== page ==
Dialogue is mostly – but not always – front and center, and crisp throughout. Everything is properly mixed as well, so neither the soundtrack nor ambient sounds ever drown out the spoken word. The track is also free from any obvious glitches. It all provides a well-done and impressive aural experience for the home viewer/listener.
In addition to the English lossless track, lossy 5.1 DTS Digital Surround tracks are available in both Spanish and French, as well as an English DVS (Descriptive Video Service) track. Subtitles are an option in English SDH, Spanish, and French.
The Supplements: Digging Into the Good Stuff
Note: All of the bonus features on this release give away major plot points/spoilers about the movie. It is recommended that you only view them after you've watched The Snowman.
Cast of Characters (HD 7:46) – This featurette take a look at the primary roles in the movie, and includes comments from actors Michael Fassbender, Rebecca Ferguson, J.K. Simmons, Jonas Karlsson, Michael Yates, and Sofia Helin; Producers Robyn Slovo and Piodor Gustafsson; and Director/Executive Producer Tomas Alfredson.
Creating Joe Nesbø's World (HD 4:05) – A brief look at how the author's popular novel was brought to the big screen. This featurette includes comments from actors Michael Fassbender, J.K. Simmons, and Rebecca Ferguson; Producer Robyn Slovo; and the author himself – Joe Nesbø.
The Snowman Killer (HD 4:03) – The actor who plays the killer in the movie (which I won't reveal here) talks about the character. Other members of the cast and crew also share comments.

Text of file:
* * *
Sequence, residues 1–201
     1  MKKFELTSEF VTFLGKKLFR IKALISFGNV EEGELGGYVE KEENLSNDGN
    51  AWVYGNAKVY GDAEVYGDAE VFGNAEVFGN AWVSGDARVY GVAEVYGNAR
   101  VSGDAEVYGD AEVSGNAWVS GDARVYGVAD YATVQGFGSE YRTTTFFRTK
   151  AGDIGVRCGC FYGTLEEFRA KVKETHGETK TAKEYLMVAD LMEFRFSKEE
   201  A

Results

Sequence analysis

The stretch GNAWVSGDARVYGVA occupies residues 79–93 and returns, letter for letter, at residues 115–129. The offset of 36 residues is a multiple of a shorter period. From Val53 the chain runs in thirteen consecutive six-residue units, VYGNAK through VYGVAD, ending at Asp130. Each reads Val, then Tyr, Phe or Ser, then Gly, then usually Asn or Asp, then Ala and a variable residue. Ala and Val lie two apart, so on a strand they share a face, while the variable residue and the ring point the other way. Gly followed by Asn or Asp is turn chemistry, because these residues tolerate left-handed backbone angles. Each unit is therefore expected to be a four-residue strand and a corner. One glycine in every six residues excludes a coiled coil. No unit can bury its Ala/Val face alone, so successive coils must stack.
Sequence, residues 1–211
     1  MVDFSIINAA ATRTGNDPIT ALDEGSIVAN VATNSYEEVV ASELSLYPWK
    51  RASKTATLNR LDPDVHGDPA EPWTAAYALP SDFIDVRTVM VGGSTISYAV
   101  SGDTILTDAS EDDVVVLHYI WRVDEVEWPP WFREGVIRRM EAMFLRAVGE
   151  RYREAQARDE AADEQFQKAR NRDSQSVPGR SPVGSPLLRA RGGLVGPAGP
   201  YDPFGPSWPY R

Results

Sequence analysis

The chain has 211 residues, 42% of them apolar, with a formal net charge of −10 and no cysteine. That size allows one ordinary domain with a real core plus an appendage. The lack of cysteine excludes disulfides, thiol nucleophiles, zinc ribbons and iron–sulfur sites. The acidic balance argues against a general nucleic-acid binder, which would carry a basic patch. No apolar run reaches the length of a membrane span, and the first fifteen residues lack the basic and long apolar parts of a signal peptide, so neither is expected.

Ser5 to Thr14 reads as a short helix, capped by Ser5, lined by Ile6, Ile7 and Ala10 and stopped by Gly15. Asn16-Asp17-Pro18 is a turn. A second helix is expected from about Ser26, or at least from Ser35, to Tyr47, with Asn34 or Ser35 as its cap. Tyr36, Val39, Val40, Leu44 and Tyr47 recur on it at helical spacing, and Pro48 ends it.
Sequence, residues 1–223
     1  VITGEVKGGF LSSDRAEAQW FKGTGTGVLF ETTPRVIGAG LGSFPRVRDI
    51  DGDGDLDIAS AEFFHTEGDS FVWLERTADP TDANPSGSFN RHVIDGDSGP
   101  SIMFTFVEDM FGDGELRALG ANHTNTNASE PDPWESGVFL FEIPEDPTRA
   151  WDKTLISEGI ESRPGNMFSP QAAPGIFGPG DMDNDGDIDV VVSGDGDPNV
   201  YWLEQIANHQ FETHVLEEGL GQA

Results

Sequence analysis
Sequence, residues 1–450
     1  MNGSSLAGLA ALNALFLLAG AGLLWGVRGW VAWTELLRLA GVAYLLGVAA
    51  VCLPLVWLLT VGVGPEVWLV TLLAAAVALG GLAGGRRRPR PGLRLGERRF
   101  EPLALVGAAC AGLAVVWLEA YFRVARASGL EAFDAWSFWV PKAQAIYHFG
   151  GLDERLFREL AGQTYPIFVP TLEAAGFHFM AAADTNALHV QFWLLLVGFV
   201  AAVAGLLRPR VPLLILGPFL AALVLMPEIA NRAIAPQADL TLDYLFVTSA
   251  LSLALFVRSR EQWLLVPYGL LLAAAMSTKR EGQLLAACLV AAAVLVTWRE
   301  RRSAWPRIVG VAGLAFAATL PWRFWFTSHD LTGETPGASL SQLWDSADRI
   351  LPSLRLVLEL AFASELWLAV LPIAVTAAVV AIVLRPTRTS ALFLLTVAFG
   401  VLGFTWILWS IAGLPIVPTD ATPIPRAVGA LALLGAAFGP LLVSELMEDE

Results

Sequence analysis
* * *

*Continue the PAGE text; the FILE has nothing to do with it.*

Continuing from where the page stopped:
Norwegian Landscape (HD 6:33) – If there's a highlight to this otherwise disappointing movie, it's the visuals it provides – shooting on location in Norway. This featurette showcases the Norwegian shoot and some of the beautiful locales.
Stunt Files: The Sinking Lake (HD 1:36) – This featurette takes a short look at two of the sequences in the movie: a car breaking through the ice and sinking it (and its driver) into the icy water below, and the same thing happening to a character at the end of the movie.
The Snowman isn't as nearly as awful as you've heard, but that also doesn't mean it's a good movie. It's more of a convoluted disappointment than it truly is a "bad" film and may hold some interest for those who enjoyed the novel upon which this movie is based. For the majority of movie fans though, this one is safely dismissible. Skip It.
- Blu-ray/DVD/Digital Copy
- Region Free
- 1080p/AVC MPEG-4
- English DTS-HD Master Audio 7.1
- French DTS 5.1
- Spanish DTS 5.1
- English SDH, French, Spanish
- Cast of Characters – Take an in-depth look at the cast of The Snowman
- Creating Jo Nesbø's World – Step inside the world of Harry Hole with best-selling author Jo Nesbø
- The Snowman Killer – Determine what becomes of the man in this making of the snowman killer
- Norwegian Landscape – Discover how location plays a big part in this film
- Stunt Files: The Sinking Lake – Director Tomas Alfredson breaks down the complex sinking lake stunt